by Peter Franklin
Monday, 23
November 2020
Idea
07:00

Should we ‘call in’ people instead of calling them out?

There's a humane alternative to cancel culture
by Peter Franklin
Protestors in Edinburgh demand free speech. Credit: Jeff J Mitchell/Getty Images

Countries differ as to what is considered offensive. For instance, an East Asian acquaintance of mine once casually remarked that she found it hard to tell apart European faces. I wasn’t in the least bit offended by what she said and she clearly didn’t mean to offend, but I wondered whether I should let her know that other people in this country might take a different attitude.

If I had, it would have been a very small example of what Professor Loretta J Ross describes as “calling in”. As the term suggests, it’s the opposite of ‘calling out’ — i.e. publicly criticising someone over some actual or perceived transgression.

Her humane alternative is the subject a profile piece by Jessica Bennett for the New York Times:

“…Professor Ross, 67, [is] an unlikely figure in the culture wars. A radical Black feminist who has been doing human rights work for four decades, she was one of the signatories of a widely denounced letter in Harper’s Magazine, for which she herself was called out. ‘There’s such an irony for being called out for calling out the calling-out culture,’ she said. ‘It really was amusing.’”
- Jessica Bennett, The New York Times

So how does calling in work?

“Calling in is like calling out, but done privately and with respect. ‘It’s a call out done with love,’ [Ross] said. That may mean simply sending someone a private message, or even ringing them on the telephone (!) to discuss the matter, or simply taking a

breath before commenting, screen-shotting or demanding one ‘do better’ without explaining how.”
- Jessica Bennet, The New York Times

That seems very reasonable — at least in situations where there’s no intention to cause upset.

However, there needs to a safe and discreet opportunity to do the calling in. Ironically, social media makes it easier to publicly condemn someone than to have a quiet word with them.

And there’s an even bigger obstacle — and that’s the ideological framing imposed by wokeness. If someone says or does something  that genuinely needs to be challenged (a big ‘if’), then it makes a difference whether the offence is perceived to be an individual failure of awareness or if it’s automatically assumed to be a symptom of some wider group mentality. If the issue is made all about the transgressions of ‘whiteness’ or the ‘patriarchy’ or whatever the oppressive collective might be, then anything particular to the offending individual is of secondary or no importance. To the woke way of thinking, calling in is irrelevant to the bigger picture.

Calling in also implies a conversation – including the opportunity for the offending individual to defend themselves or even to express hurt feelings of their own. That too contravenes the laws of wokeness, where to deny whatever ‘ism’ one is accused of is itself proof of guilt.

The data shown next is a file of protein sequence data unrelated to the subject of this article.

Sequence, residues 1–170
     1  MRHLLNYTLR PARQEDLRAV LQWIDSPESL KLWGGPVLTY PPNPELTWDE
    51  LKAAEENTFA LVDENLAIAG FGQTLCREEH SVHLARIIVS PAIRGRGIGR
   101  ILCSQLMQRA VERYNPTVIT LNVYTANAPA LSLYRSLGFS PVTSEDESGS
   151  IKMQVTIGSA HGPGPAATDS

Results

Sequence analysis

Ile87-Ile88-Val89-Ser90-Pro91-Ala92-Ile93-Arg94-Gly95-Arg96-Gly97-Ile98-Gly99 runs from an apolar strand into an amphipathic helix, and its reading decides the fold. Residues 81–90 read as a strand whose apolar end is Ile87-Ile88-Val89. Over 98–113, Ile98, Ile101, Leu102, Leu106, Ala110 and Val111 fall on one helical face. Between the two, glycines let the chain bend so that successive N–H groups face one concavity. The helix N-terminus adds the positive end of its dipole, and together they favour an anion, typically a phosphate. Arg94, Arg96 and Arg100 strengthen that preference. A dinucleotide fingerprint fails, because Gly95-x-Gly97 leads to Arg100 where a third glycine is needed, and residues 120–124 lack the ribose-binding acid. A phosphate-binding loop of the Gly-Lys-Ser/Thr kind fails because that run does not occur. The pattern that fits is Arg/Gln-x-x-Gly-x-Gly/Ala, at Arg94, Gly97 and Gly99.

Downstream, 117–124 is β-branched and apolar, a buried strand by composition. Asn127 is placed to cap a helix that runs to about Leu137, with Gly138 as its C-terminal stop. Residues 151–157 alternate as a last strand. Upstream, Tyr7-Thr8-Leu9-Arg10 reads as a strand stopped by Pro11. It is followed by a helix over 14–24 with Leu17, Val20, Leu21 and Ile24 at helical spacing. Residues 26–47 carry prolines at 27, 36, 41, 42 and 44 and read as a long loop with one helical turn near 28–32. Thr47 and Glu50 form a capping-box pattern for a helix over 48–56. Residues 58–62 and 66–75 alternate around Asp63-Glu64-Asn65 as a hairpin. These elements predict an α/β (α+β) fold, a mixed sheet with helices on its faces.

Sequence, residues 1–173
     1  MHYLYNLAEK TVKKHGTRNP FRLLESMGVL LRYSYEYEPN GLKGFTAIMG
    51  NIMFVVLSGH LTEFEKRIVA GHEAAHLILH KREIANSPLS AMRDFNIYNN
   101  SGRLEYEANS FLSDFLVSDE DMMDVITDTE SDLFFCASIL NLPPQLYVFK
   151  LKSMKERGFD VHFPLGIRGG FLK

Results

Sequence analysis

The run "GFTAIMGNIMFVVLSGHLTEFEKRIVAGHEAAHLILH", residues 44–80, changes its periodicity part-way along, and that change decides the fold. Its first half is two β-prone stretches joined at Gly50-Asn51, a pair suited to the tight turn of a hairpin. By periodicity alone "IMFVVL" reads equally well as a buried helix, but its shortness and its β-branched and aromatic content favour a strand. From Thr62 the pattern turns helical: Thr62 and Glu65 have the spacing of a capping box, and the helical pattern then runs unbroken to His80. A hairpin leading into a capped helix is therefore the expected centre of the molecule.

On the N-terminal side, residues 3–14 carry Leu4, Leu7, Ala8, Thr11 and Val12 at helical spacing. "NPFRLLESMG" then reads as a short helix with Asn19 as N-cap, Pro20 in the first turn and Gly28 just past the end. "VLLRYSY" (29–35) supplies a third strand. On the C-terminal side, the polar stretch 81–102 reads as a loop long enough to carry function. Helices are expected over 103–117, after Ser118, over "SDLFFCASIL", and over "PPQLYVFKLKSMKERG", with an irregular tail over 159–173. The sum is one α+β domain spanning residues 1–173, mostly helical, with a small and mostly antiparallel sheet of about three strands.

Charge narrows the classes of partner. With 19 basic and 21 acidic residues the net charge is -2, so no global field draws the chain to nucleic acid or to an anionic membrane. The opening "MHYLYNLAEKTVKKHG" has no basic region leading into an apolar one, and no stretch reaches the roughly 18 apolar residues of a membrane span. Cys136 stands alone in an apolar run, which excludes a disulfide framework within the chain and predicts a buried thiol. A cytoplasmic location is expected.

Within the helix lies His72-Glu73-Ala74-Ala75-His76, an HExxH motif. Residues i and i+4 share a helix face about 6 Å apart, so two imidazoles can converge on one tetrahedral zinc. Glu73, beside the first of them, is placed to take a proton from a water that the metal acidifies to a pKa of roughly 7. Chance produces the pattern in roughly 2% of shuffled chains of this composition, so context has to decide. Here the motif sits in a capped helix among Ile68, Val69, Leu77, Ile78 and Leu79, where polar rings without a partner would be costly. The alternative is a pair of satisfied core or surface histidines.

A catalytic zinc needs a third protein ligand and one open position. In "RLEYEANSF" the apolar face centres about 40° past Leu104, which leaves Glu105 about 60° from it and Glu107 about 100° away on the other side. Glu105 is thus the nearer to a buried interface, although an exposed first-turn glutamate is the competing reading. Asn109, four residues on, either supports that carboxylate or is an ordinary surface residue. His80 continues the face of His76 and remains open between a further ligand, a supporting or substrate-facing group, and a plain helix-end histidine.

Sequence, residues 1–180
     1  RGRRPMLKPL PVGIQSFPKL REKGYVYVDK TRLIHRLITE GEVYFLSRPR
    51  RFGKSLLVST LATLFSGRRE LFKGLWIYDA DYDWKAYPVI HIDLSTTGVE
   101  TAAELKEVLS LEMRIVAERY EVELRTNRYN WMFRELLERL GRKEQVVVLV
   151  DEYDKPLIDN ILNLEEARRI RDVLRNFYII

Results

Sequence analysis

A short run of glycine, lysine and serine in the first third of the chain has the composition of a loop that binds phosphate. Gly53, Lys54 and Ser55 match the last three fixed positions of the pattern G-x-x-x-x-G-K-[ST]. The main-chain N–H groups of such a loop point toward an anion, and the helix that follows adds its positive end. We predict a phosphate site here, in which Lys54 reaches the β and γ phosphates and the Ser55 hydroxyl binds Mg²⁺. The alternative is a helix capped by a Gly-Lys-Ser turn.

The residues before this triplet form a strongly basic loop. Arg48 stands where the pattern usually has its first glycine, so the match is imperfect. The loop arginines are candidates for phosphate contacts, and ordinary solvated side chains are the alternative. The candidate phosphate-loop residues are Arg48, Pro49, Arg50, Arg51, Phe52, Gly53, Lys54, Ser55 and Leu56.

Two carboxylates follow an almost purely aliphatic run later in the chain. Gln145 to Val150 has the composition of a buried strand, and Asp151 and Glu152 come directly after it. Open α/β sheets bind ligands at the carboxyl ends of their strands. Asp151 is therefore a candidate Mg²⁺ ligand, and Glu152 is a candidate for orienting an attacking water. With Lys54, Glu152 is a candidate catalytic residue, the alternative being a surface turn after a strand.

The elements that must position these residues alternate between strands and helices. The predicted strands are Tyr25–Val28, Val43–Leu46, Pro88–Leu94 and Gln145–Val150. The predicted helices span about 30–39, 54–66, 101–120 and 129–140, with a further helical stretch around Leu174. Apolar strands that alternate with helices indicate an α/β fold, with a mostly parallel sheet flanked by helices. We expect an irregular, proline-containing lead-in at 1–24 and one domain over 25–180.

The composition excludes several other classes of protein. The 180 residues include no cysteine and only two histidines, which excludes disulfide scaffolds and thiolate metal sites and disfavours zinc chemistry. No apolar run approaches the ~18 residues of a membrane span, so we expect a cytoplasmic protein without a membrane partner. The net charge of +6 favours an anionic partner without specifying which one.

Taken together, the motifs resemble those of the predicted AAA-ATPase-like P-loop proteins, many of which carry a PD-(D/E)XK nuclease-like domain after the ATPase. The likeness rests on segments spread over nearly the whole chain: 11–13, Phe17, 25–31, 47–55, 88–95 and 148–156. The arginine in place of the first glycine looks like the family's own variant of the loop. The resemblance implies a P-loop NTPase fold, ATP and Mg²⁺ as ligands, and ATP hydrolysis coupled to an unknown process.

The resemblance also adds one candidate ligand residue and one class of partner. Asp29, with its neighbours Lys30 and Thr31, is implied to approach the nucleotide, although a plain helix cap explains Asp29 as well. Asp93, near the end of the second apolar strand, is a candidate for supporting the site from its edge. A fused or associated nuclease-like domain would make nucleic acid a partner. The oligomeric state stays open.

In short, calling in is a great idea. But as long as wokeness is allowed to dominate the conversations that we need to have about race, sex and other issues, then they’ll begin and end with calling out.

Join the discussion


  • Miss the opportunity to highlight your own superiority with the wokeraty?

    Never going to catch on.

  • ” For instance, an East Asian acquaintance of mine once casually remarked
    that she found it hard to tell apart European faces. I wasn’t in the
    least bit offended by what she said”

    I cannot even comprehend anyone being offended by this honest, and understandable, comment. I have a hard time telling Far East people’s faces apart, is that wrong of me? because I do not have this issue by choice. Or is it wrong to say what is real with me? Is he saying never tell a truth till you have washed it through several levels offense detection?

  • FFS, what are the young people thinking? Calling out, calling in? You seem to live in a world where thinking is correct or incorrect and one must always be looking to point out errors in thought. My life has been exceedingly weird, living in many outlandish places and outlandish ways with many really odd individuals and groups. All this has me fall back on old fashioned Conservatism of beliefs. I have seen the fringe of all kinds, been down with them, been one, and realized the traditional is the one which makes most sense.

    The weirder your life experiences I believe the more which was normal back before modern Liberalism seems reasonable. 10 commandments sort of stuff, right and wrong, rather than the situational ethics and relative morality of current thinking. Once everyone knew right from wrong pretty much, now almost no one does, and so they go about calling out and calling in over what ever stupid thing they currently have been indoctrinated in.

    “”When a man stops believing in God, he doesn’t believe in nothing, he believes in anything.”Substitute conventional morality for ‘God’, and you have today’s messed up people. And then they become all evangelical about it.

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